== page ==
These expert tips will help you achieve the perfect balance of flavours.
The Roo Sisters

29 Apr 2013 - 12:27 PM  UPDATED 6 Sep 2013 - 9:31 AM


When making gravlax, it’s important to first remove the small pin bones that aren’t attached to the main skeleton of the fish. Some fish mongers will have already done this for you, but to check, place the fillet skin-side down on a work surface and run your fingers along the centre of the flesh. You should be able to feel them. Using a pair of tweezers (straight-edged ones work best), pull the bone out following the natural curve of the fillet. If you find the flesh is tearing as you pull the bone out, chances are you’re pulling it in the wrong direction.

Crackling idea

If your pork crackling fails to rise to the occasion, once the pork roast is cooked, remove the crackling in one large piece and place on a wire rack placed over an oven tray. Place in a very hot oven or under a hot grill until done to your liking. A domestic blow torch can also come in handy when the crackling needs a helping hand. Once the pork is cooked, gently brown and crisp the crackling with the torch.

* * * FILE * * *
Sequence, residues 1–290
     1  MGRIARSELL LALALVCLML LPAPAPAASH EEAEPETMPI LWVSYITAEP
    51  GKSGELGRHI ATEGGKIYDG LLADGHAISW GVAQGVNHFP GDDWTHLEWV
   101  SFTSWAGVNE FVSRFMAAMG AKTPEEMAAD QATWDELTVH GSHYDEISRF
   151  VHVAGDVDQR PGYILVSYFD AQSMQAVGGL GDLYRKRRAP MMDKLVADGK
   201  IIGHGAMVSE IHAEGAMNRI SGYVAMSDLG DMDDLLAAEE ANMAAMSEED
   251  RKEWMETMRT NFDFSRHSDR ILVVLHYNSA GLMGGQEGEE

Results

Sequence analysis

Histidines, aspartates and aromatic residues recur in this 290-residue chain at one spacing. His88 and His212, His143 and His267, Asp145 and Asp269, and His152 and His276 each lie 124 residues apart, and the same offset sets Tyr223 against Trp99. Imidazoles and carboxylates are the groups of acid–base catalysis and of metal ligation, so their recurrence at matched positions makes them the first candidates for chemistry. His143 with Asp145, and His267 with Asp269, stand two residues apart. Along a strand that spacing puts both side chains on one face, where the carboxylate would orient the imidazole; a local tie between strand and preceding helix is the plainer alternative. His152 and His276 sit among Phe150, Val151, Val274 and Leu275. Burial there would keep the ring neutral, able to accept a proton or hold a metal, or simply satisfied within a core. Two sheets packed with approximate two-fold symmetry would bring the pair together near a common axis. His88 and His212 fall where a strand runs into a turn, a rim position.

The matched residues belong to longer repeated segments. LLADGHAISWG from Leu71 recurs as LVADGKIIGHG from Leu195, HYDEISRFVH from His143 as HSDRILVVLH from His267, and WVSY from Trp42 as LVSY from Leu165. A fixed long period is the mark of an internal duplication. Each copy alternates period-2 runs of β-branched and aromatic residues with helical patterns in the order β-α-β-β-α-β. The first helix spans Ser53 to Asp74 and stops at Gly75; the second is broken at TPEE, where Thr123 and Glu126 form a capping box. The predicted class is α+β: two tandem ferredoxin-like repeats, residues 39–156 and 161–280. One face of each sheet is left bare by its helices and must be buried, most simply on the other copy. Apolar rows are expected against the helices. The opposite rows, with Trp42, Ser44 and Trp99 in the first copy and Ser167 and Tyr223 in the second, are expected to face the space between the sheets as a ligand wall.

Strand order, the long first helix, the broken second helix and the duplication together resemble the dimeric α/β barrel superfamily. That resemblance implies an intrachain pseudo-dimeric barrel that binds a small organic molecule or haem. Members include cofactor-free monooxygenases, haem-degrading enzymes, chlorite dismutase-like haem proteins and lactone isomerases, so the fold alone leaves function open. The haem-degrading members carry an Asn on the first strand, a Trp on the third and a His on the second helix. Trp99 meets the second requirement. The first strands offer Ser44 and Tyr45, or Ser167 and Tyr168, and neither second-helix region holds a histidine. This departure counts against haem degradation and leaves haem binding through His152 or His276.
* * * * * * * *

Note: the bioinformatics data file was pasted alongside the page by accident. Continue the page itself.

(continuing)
In a pickle

If you want to pickle your own fish or cucumbers, it’s essential your jars and lids are properly sterilised before sealing to avoid spoilage. Preheat the oven to 120°C and line a baking tray with a clean tea towel. Wash the jars and lids in hot soapy water, then place in a large saucepan of cold water and bring to the boil over high heat. Reduce the heat to medium and simmer gently for 10 minutes. Using metal tongs, carefully remove the jars and lids from the water and place upside down on the lined tray. Place in the oven for 15–20 minutes or until dry. Alternatively, place the jars and lids in the dishwasher and run on the hottest cycle. This is a good option if you’re using rubber seals or plastic lids. As a rule, hot preserves should go into hot jars and cold preserves into cold jars.